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Alcoa, Inc. (NYSE:AA)

Q1 2009 Earnings Call

April 7, 2009 5:00 pm ET

Executives

Elizabeth Besen - Director of Investor Relations

Charles D. McLane, Jr. - Chief Financial Officer, Executive Vice President

Klaus Kleinfeld - President, Chief Executive Officer, Director

Analysts

Kuni Chen - Banc of America/Merrill Lynch

Mark Liinamaa - Morgan Stanley

Charles Bradford – Bradford Research

Brian MacArthur – UBS Securities

John Redstone - Desjardins Securities

John Tumazos – John Tumazos Independent

Anthony Rizzuto - Dahlman Rose & Co.

Operator

Welcome to the first quarter 2009 Alcoa, Inc. earnings conference call. (Operator Instructions) I would now like to turn the presentation over to your host for today’s call, Ms. Elizabeth Besen, Director of Investor Relations. Please proceed, Ma’am.

Elizabeth Besen

Good afternoon everyone. Thank you for attending Alcoa’s 2009 first quarter analyst conference. At today’s conference Chuck McLane, Executive Vice President and Chief Financial Officer will review the first quarter financial results. Klaus Kleinfeld, President and Chief Executive Officer, will review current market conditions and discuss the company’s recent initiatives.

Before I turn it over to Chuck, I would like to remind you that in discussing the company’s performance today we have included some forward-looking statements within the meaning of the Private Securities Litigation Reform Act of 1995. Such statements relate to future events and expectations and involve known and unknown risks and uncertainties. Alcoa’s actual results or actions may differ materially from those projected in the forward-looking statements. For a summary of the specific risk factors that could cause actual results to differ materially from those expressed in the forward-looking statements, please refer to Alcoa’s Form 10K for the year ended December 31, 2008 and other reports filed with the Securities and Exchange Commission.

In our discussion today we have also included some non-GAAP financial measures. You will find our presentation of the most directly comparable GAAP financial measures calculated in accordance with Generally Accepted Accounting Principles and our related reconciliation on our website at www.alcoa.com under the Invest section.

At this point, let me turn it over to Chuck.

Charles McLane, Jr.

Thanks Elizabeth. Hello everyone. Thanks for joining us today. Let me start off, in our financial review today we are going to try and accomplish several objectives. First, we will provide insight around first quarter results. We will also describe the company’s liquidity position including the recent public offerings and we will provide a second quarter outlook for each of our segments.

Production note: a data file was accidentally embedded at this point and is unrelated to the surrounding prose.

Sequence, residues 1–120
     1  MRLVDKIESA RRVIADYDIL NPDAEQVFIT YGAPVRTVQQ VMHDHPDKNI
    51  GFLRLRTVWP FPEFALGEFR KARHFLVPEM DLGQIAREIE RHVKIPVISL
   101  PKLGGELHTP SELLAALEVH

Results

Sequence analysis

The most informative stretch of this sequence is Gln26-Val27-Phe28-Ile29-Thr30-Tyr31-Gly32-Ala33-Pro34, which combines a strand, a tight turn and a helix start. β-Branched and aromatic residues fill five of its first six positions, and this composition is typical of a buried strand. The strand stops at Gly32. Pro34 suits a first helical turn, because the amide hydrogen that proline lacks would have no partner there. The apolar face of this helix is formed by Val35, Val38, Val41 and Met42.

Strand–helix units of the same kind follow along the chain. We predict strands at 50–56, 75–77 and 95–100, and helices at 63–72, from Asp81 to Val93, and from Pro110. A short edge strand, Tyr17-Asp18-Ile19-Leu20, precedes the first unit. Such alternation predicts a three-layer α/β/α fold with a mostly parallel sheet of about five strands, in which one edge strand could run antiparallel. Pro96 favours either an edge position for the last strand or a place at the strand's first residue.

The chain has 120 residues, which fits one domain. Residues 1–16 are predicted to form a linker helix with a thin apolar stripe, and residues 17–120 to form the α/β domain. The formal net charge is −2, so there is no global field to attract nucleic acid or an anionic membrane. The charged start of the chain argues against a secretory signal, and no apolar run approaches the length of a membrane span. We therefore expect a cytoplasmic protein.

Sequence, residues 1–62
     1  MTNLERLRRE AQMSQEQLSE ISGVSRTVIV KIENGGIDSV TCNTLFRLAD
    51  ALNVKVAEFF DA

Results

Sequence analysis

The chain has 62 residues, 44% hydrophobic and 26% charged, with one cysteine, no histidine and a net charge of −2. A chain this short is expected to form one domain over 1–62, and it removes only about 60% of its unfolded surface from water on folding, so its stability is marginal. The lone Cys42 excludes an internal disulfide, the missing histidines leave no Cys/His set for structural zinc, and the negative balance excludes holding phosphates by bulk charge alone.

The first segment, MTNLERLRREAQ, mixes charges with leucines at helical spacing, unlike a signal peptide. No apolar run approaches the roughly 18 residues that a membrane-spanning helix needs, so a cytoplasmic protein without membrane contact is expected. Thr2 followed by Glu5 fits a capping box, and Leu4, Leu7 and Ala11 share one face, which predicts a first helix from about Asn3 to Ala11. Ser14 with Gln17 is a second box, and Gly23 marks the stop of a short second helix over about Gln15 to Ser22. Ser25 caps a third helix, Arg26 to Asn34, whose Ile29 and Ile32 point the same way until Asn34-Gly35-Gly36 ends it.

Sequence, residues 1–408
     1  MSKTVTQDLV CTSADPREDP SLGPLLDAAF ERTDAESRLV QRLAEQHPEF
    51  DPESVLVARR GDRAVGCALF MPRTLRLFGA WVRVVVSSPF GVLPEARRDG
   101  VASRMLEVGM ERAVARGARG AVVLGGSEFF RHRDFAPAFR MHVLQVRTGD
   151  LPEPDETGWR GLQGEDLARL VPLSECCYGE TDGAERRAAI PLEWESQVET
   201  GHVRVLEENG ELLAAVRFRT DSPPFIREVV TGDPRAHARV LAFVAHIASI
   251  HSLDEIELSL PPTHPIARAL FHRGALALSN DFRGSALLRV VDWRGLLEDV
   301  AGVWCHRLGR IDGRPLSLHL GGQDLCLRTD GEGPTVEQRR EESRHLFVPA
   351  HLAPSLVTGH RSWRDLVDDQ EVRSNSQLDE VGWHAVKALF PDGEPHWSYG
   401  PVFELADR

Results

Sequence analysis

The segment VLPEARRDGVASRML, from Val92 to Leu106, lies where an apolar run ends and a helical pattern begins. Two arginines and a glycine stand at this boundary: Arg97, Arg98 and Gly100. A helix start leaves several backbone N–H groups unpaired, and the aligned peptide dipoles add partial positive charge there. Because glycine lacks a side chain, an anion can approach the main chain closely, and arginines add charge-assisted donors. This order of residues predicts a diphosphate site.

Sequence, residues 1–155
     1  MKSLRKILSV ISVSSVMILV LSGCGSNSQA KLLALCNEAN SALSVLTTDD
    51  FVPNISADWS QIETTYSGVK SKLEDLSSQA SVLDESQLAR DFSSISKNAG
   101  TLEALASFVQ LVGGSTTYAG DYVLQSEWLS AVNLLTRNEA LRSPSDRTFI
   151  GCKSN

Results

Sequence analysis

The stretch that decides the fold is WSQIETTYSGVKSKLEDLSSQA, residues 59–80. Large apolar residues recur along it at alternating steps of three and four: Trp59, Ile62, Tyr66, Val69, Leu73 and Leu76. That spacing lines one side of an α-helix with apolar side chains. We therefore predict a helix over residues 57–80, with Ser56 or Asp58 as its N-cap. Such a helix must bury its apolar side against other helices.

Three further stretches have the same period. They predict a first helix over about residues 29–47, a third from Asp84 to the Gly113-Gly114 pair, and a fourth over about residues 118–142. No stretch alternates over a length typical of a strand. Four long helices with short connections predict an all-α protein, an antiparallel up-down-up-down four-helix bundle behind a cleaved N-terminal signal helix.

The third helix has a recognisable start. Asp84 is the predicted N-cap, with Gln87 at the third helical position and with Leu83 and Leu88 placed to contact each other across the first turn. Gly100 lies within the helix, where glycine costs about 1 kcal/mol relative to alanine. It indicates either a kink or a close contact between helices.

With that as an outline let’s begin. For the quarter our loss from continuing operations was $480 million or $0.59 per share. The fourth quarter weakness was followed by an even softer first quarter in almost every end market as the economic recession continued in its hunt to find a bottom. Prices declined and inventories on the exchange continued to climb. Our results for the quarter were adversely affected by both prices and volumes as revenues were down 27% sequentially and 41% on a year-over-year basis.

The collapse in demand was due not only to weaker end markets but also to the significant de-stocking occurring throughout the supply chain. To effectively manage in the midst of this environment we undertook a holistic set of actions to improve performance, lower cost and strengthen our liquidity. Klaus will cover in more detail but we have taken both operational and financial actions to reposition the company and to emerge even stronger once conditions improve.

As a result of these actions cash on hand was $1.1 billion at quarter end and debt-to-cap decreased from 42.5% to 40.6%. In addition, in January we provided a forecast for the cash cost of production for both alumina and primary aluminum. These estimates were exceeded as alumina and aluminum cash costs were down 33% and 30% respectively from the third quarter of 2008.

Let’s now review the income statement. The restructuring and other special charges make it difficult to see the underlying operational impacts on the income statement. Over the next few slides we will break down and isolate those charges as well as provide insight around the operational items particularly the cost components.